Since I just mentioned Texas A&M, I might as well get my Johnny Manziel take out of the way, and I'll start by going back a few decades to the days when Oklahoma owned the Big Eight Conference and Brian Bosworth owned the Oklahoma campus. I was never a fan of Bosworth's, but I remember being impressed when he donned a shirt during a bowl game that read National Communists Against Athletes. I did not totally agree with his sentiment at the time, but as I grew up I realized he was right.
The NCAA's recent action concerning Manziel is absurd not because of its so-called leniency, but because it happened at all. There is not a single speck of evidence -- none -- that Manziel did anything against the rules, yet the NCAA took action against him anyway for no other reason than 1) it wanted to, and 2) it perceived an excuse to do so when a single individual claimed he saw him do something. Never mind the complete lack of evidence, never mind Manziel saying he is innocent, and never mind the accuser's lack of credibility. The NCAA believes it is entitled to dictate to unpaid athletes and trembling schools just because. I say to hell with it.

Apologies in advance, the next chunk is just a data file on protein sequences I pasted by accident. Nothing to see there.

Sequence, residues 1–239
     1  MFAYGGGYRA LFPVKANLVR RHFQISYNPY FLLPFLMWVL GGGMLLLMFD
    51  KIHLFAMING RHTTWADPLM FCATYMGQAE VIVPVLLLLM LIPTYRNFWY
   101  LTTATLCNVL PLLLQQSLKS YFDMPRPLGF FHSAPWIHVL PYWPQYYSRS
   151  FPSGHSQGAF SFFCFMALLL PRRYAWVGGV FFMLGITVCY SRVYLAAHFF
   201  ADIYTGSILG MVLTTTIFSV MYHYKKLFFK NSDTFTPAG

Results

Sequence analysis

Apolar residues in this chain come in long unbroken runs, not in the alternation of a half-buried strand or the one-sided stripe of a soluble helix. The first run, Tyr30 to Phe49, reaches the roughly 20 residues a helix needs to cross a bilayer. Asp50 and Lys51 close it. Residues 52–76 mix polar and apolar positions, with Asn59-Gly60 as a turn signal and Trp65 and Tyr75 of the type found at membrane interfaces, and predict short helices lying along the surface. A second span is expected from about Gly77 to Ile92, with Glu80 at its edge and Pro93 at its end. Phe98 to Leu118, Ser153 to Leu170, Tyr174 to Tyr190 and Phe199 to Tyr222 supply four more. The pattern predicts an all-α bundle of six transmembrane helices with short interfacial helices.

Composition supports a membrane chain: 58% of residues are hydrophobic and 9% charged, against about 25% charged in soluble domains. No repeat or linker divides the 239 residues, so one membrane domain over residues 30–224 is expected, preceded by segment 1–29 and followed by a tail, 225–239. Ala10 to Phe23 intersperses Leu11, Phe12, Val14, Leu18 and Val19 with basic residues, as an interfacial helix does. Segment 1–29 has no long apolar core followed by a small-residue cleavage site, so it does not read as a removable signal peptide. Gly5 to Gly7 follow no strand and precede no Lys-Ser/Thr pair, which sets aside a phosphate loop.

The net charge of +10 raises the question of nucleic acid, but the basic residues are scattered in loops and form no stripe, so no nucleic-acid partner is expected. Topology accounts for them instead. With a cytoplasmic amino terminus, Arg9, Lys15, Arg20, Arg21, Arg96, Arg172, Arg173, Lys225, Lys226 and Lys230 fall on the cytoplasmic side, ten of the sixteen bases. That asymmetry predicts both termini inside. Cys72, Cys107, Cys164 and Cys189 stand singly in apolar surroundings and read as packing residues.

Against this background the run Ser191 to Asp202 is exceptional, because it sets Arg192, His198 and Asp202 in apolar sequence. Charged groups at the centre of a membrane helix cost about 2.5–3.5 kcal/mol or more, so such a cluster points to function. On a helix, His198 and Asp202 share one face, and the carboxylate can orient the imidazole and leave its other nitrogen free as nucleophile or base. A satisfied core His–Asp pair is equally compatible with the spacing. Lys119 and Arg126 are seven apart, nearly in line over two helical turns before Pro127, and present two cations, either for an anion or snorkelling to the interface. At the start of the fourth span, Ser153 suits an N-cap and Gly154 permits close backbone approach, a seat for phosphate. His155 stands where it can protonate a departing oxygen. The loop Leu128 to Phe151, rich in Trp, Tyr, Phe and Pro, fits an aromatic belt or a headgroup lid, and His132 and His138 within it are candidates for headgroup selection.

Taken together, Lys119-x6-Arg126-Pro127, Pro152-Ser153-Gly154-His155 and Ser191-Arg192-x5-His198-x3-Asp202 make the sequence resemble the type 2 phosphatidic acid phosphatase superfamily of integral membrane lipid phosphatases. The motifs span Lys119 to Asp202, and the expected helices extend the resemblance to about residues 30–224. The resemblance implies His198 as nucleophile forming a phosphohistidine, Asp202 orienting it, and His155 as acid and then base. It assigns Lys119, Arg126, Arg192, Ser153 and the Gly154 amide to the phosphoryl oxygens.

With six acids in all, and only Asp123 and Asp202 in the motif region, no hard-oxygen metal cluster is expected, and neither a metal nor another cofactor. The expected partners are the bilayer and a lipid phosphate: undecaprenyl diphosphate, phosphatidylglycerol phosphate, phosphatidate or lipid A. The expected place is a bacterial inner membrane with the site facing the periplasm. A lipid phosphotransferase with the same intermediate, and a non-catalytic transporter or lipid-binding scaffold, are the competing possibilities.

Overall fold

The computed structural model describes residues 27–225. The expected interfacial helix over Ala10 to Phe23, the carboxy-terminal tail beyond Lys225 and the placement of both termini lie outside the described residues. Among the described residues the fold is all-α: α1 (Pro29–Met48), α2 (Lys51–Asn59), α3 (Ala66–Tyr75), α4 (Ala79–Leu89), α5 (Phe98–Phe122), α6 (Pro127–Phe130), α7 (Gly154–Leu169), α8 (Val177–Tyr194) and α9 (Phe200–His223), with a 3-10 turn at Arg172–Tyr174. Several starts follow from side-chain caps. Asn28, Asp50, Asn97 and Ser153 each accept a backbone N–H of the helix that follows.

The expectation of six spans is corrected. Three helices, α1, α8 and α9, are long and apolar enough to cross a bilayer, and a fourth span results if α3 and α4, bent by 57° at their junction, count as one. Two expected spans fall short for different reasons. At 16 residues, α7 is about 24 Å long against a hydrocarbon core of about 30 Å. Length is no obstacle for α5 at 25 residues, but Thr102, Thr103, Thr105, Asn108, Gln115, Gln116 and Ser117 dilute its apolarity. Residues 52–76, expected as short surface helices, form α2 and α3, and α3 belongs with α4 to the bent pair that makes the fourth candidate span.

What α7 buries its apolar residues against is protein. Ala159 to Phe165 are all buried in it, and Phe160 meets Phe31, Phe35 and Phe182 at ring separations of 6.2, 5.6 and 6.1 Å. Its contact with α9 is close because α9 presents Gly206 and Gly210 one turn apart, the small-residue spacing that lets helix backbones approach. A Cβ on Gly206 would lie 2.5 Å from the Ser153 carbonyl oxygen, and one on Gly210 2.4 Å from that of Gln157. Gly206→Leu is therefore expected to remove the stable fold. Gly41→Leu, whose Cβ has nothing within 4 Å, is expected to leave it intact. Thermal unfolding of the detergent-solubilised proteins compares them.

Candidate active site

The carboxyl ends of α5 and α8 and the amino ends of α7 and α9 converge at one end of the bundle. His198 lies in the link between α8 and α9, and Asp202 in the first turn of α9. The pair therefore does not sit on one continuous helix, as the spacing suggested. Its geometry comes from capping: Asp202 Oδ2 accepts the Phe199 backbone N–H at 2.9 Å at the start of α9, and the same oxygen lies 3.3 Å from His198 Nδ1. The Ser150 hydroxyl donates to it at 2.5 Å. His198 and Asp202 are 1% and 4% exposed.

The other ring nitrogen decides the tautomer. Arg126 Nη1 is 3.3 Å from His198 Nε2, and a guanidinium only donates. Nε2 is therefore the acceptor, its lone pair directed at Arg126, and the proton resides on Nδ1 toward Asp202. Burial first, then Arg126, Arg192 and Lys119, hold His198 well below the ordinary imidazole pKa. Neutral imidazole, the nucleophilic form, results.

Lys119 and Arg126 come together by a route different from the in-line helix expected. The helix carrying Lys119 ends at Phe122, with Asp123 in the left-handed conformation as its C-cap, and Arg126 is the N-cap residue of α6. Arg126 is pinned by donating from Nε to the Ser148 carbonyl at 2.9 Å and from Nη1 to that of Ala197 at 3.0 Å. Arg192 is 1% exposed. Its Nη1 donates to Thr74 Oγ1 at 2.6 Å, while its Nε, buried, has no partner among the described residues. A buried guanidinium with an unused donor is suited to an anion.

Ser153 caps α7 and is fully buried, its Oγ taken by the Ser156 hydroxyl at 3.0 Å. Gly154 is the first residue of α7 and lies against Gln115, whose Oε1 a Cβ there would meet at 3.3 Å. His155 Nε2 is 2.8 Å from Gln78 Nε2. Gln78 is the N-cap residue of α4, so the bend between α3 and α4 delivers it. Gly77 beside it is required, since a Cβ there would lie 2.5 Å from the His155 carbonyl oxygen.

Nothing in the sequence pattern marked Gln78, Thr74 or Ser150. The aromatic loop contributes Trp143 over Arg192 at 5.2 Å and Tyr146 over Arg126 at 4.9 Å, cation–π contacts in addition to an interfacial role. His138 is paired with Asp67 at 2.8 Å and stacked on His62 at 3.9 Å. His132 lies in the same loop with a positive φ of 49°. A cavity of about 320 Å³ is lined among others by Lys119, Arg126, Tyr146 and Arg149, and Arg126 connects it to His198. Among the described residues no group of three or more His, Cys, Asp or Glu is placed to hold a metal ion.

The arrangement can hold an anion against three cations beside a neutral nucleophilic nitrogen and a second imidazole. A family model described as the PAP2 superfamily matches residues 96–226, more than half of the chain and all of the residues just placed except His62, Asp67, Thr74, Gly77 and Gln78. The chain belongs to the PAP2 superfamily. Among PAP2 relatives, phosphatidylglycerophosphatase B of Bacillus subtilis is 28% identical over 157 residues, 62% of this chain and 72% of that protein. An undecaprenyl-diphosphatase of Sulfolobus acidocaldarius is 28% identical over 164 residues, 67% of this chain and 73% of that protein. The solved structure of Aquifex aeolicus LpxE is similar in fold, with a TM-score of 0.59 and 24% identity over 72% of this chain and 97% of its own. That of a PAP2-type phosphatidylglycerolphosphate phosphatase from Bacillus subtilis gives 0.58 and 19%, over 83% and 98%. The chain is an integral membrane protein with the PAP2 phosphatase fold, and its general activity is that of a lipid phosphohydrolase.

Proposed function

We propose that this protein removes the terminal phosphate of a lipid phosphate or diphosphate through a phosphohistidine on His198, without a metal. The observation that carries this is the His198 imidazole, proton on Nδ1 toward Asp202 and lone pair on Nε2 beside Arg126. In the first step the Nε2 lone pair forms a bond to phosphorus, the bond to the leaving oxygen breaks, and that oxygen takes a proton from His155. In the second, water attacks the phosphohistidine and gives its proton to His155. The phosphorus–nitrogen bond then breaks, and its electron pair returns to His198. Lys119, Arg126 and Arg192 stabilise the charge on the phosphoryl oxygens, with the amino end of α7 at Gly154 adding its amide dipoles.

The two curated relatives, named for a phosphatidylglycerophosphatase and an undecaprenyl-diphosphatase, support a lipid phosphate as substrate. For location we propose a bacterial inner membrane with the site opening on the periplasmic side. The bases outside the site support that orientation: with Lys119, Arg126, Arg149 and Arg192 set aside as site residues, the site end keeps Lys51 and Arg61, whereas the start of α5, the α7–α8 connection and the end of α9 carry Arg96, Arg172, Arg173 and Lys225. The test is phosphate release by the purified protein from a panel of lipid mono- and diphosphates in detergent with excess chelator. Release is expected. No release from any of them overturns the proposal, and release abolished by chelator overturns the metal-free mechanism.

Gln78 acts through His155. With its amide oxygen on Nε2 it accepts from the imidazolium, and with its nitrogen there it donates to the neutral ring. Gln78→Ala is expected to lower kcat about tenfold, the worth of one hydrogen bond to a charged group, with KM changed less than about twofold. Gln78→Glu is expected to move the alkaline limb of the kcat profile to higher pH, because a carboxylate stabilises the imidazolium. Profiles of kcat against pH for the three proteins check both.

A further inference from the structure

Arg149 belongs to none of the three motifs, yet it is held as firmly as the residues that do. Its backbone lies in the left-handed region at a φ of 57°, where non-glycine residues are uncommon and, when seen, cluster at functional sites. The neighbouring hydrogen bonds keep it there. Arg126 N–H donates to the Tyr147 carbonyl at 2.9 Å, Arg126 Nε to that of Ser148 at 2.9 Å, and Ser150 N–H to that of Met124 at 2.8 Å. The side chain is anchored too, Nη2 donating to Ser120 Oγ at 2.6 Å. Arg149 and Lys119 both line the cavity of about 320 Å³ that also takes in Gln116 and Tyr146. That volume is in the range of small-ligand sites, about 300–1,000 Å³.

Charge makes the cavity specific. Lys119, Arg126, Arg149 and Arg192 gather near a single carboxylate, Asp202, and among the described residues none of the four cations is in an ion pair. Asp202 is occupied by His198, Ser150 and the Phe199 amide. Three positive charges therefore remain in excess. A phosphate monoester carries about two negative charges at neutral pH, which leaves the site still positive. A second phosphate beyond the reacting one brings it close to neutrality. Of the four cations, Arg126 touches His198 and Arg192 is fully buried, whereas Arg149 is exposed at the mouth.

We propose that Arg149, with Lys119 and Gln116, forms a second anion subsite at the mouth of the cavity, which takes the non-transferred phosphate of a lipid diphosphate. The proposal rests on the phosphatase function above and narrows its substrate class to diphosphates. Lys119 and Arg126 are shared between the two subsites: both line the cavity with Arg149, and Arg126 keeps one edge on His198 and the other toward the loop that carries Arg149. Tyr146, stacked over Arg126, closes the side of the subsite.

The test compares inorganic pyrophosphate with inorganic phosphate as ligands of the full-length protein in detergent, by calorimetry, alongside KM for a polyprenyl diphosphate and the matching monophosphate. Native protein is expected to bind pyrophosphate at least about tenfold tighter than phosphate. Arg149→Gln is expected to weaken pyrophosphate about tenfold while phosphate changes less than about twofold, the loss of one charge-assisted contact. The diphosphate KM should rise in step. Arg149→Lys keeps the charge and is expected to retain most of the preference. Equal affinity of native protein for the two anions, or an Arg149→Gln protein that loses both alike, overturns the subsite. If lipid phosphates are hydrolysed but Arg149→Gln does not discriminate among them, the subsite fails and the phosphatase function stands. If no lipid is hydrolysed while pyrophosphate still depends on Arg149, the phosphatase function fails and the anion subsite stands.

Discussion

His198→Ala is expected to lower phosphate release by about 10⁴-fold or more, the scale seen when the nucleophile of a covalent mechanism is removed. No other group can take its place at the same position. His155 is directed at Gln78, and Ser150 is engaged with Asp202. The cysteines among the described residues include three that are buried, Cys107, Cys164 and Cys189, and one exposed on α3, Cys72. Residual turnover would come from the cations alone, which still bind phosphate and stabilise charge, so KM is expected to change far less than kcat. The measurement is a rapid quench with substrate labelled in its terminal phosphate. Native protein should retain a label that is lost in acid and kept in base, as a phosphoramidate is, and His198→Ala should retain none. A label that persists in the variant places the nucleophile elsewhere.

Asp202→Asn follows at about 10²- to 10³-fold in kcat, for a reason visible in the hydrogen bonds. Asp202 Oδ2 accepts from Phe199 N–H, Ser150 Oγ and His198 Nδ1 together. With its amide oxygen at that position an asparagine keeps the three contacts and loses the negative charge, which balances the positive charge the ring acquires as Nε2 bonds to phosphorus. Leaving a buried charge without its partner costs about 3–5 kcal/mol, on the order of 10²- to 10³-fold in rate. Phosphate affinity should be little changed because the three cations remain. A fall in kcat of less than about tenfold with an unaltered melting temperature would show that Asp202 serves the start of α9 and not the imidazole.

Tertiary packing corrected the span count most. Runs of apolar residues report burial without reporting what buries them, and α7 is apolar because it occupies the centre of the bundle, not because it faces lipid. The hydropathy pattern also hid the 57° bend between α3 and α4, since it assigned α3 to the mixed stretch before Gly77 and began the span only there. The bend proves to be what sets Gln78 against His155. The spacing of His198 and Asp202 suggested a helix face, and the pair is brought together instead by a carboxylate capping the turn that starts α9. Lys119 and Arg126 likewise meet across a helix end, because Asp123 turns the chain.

As an Auburn graduate, I seem to remember the NCAA targeting another high-profile QB a few years back, also based on uncorroborated statements made by shadowy people with no evidence to back them up...I seem to remember the fine school for which that QB played standing up to the NCAA and demanding that it show its cards, which forced it to admit that it had no cards...I seem to remember that school and QB eventually being proved innocent, and the national media barely mentioning that finding when it was reached a year later...I seem to remember that QB winning the Heisman and then leading his team to the national championship...The analogy between Manziel/A&M and Cam Newton/Auburn is not precise, but there are striking similarities. I'm just sayin'...